In The SCAR Project, a photographic exhibition of breast cancer survivors under 40, David Jay, a fashion photographer based in Australia, communicates the gravity of the disease and forces us to come face to face with the human dimension of personal struggles and victories associated with it. Jay, who has been shooting fashion and beauty professionally for over 15 years, was personally touched by the disease when his close friend was diagnosed with breast cancer at the young age of 32 and dedicated the past three years to creating portraits of countless women who have struggled with the disease. The age group he chose to photograph, women between the ages of 18 and 35, are the least often associated with breast cancer despite the fact that it’s the leading cause of deaths in young women ages 15 to 40.
“Breast cancer is not a pink ribbon” is written in bold words outside the Openhouse Gallery on Mulberry Street where The SCAR Project was exhibited. Breast cancer charities have recently received criticism for glamorizing and commercializing breast cancer by limiting its awareness through buzz-worthy actions like mass rallies and pink ribbons. The SCAR Project is in some ways the opposite of what a pink ribbon symbolizes. Instead of isolating the wearer from the human face of the disease, the project brings people uncomfortably close to it. We had the honor of assisting David Jay in transforming his beautiful portraits of breast cancer survivors into enlarged digital C-prints, mounted behind non-glare Plexiglas® at more than four feet tall, at the gallery in October.
Speaking about the project, Jay says, “For these young women, having their portrait taken seems to represent their personal victory over this terrifying disease. It helps them reclaim their femininity, their sexuality, identity and power after having been robbed of such an important part of it. Through these simple pictures, they seem to gain some acceptance of what has happened to them and the strength to move forward with pride.”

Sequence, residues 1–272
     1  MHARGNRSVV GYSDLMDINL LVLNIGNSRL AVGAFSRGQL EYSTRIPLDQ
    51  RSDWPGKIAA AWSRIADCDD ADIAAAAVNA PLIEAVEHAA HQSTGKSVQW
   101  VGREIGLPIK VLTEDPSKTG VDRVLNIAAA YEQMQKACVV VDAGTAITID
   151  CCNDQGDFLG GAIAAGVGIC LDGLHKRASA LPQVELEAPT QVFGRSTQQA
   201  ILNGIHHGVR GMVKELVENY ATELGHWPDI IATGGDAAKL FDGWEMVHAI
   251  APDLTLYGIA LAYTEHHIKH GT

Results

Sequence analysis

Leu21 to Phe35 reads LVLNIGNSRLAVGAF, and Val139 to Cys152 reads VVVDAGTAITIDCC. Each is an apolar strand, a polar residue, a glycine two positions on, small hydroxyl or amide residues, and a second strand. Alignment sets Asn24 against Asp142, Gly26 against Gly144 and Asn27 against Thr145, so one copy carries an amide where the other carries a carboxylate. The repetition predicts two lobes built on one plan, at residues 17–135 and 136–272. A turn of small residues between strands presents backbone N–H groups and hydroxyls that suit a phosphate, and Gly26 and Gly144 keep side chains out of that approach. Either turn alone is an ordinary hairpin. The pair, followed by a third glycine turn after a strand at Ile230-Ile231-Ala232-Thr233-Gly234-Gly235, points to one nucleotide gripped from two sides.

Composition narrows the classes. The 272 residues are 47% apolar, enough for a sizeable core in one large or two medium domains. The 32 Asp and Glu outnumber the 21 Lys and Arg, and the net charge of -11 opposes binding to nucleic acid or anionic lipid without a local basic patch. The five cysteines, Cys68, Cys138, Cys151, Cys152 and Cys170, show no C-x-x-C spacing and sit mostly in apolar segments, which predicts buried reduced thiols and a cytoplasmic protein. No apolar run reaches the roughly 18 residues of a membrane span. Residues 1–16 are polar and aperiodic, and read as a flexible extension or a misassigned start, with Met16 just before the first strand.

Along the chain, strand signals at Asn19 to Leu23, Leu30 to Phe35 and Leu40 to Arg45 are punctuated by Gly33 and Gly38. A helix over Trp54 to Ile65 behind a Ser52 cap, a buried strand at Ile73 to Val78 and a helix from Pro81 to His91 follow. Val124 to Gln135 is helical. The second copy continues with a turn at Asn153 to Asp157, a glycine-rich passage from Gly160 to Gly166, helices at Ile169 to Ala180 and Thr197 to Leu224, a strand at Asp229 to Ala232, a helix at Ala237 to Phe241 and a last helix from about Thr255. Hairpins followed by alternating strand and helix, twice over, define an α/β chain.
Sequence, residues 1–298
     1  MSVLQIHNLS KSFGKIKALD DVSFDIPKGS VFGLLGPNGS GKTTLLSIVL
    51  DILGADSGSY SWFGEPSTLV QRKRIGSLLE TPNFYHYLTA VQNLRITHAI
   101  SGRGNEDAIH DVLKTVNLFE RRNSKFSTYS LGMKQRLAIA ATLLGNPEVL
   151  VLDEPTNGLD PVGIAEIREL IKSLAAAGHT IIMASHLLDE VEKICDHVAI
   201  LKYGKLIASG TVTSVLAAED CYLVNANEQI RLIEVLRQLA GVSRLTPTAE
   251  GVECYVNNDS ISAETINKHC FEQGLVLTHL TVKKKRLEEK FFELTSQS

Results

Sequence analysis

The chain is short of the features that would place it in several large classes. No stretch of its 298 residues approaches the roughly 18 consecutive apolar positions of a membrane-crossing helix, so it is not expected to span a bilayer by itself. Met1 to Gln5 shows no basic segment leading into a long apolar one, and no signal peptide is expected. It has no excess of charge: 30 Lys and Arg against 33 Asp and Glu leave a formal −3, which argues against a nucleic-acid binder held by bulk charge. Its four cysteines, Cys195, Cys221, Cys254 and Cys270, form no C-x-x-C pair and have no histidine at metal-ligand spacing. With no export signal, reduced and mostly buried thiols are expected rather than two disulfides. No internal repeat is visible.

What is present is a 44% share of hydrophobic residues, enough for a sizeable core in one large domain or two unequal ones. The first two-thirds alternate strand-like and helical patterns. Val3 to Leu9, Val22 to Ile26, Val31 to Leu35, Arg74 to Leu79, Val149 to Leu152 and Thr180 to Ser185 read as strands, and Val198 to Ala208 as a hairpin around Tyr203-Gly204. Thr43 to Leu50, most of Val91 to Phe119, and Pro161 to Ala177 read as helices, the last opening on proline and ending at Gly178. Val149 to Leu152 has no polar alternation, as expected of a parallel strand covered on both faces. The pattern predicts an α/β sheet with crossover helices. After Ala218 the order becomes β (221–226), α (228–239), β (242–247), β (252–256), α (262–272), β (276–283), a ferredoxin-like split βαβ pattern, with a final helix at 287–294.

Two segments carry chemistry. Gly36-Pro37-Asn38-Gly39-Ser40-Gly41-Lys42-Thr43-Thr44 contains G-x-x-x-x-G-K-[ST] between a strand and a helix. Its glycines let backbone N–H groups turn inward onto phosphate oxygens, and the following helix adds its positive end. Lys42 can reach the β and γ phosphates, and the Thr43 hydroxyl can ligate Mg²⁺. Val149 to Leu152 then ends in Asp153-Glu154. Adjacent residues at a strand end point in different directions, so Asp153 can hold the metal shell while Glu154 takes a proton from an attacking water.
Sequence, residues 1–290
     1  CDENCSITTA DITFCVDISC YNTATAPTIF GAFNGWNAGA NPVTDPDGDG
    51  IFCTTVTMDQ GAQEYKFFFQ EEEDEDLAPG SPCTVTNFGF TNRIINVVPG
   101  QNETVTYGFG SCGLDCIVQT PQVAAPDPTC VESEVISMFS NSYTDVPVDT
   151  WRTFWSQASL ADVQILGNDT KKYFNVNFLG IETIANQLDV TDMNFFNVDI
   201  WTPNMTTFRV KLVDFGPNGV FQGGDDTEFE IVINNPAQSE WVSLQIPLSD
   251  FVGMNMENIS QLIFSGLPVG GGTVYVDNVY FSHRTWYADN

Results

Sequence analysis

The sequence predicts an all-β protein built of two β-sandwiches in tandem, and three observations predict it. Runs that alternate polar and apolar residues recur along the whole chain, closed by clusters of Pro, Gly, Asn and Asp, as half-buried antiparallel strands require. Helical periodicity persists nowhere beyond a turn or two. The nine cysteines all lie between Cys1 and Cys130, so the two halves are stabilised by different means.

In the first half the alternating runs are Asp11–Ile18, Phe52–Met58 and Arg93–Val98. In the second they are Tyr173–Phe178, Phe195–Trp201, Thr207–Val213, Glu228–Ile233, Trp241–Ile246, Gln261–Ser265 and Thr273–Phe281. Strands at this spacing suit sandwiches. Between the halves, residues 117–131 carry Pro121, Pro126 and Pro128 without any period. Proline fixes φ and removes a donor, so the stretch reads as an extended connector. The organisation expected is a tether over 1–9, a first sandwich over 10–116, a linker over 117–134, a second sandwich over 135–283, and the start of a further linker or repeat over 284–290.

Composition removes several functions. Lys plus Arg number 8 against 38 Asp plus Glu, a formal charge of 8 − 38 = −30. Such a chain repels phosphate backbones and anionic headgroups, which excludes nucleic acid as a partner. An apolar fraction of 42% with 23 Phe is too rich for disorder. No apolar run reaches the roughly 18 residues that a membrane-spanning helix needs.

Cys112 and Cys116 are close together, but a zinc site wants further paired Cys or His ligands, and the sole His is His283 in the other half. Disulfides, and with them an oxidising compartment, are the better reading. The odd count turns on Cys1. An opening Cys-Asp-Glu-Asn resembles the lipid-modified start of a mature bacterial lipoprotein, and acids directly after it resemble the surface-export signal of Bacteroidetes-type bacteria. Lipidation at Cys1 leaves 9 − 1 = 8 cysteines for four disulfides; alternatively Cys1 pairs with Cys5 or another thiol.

Jay’s portraits are raw in a manner that’s disturbing, but they depict the truth without any bells and whistles that make it seem easy for us to digest. But what he gives us is the truth that we need, that we should see. His stark, bold portraits jolt us; they make us realize the enormous strength that a person as young as 19 must have to go through the surgery and to live from thereon with courage and solidarity with countless other survivors who are as young and ready to start the journey of their lives as another. These portraits communicate what photographers such as Man Ray and Weegee intended in their work—all false lenses removed between the subject and the audience so the photographer becomes simply a vehicle for communicating the bare truth and nothing but.
David Jay created this exhibition as a form of philanthropy by offering all his works to any breast cancer charity that wants to raise money and create awareness of the issue. He dedicates the works to more than 10,000 women under the age of 40 who will be diagnosed with the disease this year alone.
In the process of creating portraits of these strong women, Jay empowers us, the audience, with owning something we’re trained to be far too uncomfortable to own, and an even more powerful gift to the survivors—their portraits are an affirmation of their personal victories over this terrifying disease. These portraits release us into a place of acceptance and peace and strength to fight with and for its victims and survivors so that in that process we’re able to help in a meaningful manner. Photographed as gently and beautifully as the most powerful fashion portraits, Jay’s is the kind of honesty that makes photography truly relevant.
Jay’s determination and three-year perseverance that allowed him to locate and film hundreds of breast cancer survivors are extraordinary. “I struggled shooting The SCAR Project,” he says. “I was torn. Neither art project nor beauty pageant, The SCAR Project is a powerful, beautifully disturbing look into the souls of women confronting a devastating disease. I wanted the pictures to be raw, honest and sincere. Yet I knew why the subjects had come to me; they wanted something beautiful. They had already suffered greatly. And though I desperately wanted to serve them, I knew in my heart that compromising the visual integrity of The SCAR Project for the sake of easily digested beauty would serve no one, certainly not the people I hoped to be impacted by the images: the public at large who remain blissfully unaware of the risk or reality, anesthetized by pink ribbons and fluffy teddy bears.”